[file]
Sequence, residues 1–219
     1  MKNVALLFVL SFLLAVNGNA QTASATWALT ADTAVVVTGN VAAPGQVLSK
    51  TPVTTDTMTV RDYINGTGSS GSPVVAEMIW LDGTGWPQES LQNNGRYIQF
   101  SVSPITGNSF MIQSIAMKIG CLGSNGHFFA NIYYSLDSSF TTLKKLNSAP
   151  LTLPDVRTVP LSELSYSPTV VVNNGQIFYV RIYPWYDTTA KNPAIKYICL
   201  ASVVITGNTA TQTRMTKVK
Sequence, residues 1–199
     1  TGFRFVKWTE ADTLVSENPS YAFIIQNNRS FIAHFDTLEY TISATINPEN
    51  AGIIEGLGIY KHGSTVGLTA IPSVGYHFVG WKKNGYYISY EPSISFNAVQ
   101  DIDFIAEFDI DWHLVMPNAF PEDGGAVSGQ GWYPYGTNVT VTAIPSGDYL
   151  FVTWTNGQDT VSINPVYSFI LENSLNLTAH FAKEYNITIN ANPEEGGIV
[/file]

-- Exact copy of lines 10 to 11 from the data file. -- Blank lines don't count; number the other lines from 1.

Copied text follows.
   101  DIDFIAEFDI DWHLVMPNAF PEDGGAVSGQ GWYPYGTNVT VTAIPSGDYL
   151  FVTWTNGQDT VSINPVYSFI LENSLNLTAH FAKEYNITIN ANPEEGGIV